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(This post first appeared on Missio Alliance)

Brad Brisco and Lance Ford in their excellent book The Missional Quest have a really helpful chapter called “Stop and Go: Rhythms of Inner Formation.” The chapter is about the importance of rest in the life of a missional leader.

They say that “the major emphasis of the missional movement is the sent nature of our calling as the body of Christ- going into culture with the gospel, practicing and proclaiming the good news of the kingdom of God. However, it is incumbent on us that we not lose our grip on the truth that we cannot go out under our own strength, understanding or power. To rely upon savvy, reason and human talent is to invite trouble along the way of mission.”

This is a really important caution and so they propose that the missional leader should enter intorhythms of formation which they describe as “Stop and Go.” They explain, “Jesus was well aware that his incarnational plunge into the brokenness of humanity necessitated soul care for himself and his disciples. It was necessary for him to embrace the spiritual formation processes and patterns that any man or woman who hopes to connect with God must do. Jesus followed a self-imposed habit of discipline that frequently took him away from the crowds and ministry into solitude, rest and prayer, both alone and in the small company of his twelve disciples.”

In other words Jesus went about on his mission but realised that he frequently needed to stop in order to rest and refuel in order to then be able to go back out to the world to do his mission. I really appreciate the contribution that this much needed perspective makes to the missional conversation. Too often missional can fall into the realm of mere pragmatism and activism if it does not take disciplines like spirituality, formation, sabbath rest and listening to the Spirit in its stride.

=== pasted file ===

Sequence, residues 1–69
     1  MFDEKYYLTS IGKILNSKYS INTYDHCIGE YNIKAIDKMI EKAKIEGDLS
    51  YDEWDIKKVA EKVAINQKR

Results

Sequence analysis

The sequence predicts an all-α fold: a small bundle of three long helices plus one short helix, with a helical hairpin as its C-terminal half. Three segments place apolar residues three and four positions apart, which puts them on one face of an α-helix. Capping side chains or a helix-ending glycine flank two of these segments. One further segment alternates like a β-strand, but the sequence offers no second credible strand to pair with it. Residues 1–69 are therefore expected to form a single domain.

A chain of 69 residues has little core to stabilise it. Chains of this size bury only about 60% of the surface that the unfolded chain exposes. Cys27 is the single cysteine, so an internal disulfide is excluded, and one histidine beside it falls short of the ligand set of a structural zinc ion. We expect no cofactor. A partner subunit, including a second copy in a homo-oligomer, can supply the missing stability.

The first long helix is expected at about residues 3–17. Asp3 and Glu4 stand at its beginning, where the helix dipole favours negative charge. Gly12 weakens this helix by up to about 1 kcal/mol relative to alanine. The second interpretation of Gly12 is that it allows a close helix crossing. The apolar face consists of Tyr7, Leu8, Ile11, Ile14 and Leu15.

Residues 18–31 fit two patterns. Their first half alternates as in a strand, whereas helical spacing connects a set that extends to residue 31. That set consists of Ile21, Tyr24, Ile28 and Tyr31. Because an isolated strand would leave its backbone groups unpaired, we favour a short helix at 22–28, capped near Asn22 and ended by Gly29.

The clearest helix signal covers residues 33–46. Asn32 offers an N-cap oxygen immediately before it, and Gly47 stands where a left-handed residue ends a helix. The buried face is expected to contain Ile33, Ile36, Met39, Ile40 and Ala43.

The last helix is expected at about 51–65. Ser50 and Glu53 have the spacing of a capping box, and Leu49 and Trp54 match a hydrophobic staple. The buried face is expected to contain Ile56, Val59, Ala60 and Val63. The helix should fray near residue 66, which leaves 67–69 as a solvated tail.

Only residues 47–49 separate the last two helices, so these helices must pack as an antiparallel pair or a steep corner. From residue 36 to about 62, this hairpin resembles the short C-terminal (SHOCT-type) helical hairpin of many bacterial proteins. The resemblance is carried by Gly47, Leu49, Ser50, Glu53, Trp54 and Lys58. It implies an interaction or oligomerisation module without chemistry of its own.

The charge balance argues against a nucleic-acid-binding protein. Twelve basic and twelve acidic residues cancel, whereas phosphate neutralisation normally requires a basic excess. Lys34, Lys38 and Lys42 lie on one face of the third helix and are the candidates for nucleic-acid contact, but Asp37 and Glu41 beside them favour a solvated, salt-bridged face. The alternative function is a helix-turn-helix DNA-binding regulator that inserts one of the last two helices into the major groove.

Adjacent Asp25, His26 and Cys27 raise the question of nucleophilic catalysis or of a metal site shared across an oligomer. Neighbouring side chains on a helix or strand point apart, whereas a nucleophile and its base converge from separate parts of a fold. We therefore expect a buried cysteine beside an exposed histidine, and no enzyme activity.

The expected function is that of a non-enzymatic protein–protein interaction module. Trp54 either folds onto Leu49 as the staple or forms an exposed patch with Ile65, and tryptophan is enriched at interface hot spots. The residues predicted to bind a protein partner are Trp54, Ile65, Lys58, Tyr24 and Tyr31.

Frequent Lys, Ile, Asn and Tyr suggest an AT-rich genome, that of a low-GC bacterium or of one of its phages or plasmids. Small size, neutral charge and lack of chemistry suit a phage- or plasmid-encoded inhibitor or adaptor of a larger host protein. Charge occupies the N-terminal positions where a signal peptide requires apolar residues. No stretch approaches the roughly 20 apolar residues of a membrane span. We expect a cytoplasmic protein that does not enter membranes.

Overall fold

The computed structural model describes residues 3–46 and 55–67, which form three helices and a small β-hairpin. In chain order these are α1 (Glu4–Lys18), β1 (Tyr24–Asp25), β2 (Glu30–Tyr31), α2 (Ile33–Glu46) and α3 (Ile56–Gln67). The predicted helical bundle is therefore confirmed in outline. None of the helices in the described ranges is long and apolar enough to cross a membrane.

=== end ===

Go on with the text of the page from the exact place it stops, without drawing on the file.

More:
When it comes to Christian spirituality, often I hear a similar thought expressed. The thought is this; we must serve the church and our world but balance that with taking time out to be refreshed and get a “top-up” or a refueling in order to go back out to our world and keep serving.

On the one hand I agree of course that this is necessary. Even those who would not identify as Christian, know that the rhythm of work and rest is crucial. It seems like the concept of sabbath rest is not only a Christian concept but it is in fact interwoven into the very fiber of our humanity. Being human means to work and rest, otherwise we become machine-like. Rest is sacred. Rest is crucial. Rest is just as important to God as work. It’s our society which has valued work over rest.

Busyness has become an idol. But in God’s economy they are both equally crucial for humanity to thrive. When we live without proper rest we become less than human. We become like machines, we absorb our predominant cultural narrative without critiquing it. And so when we join with God on his mission without perceiving rest as vital, we are behaving as though we are less than human.

On the other hand, however, I do wonder if this idea of a stop and go balance is a completely accurate representation of the spirituality of Jesus.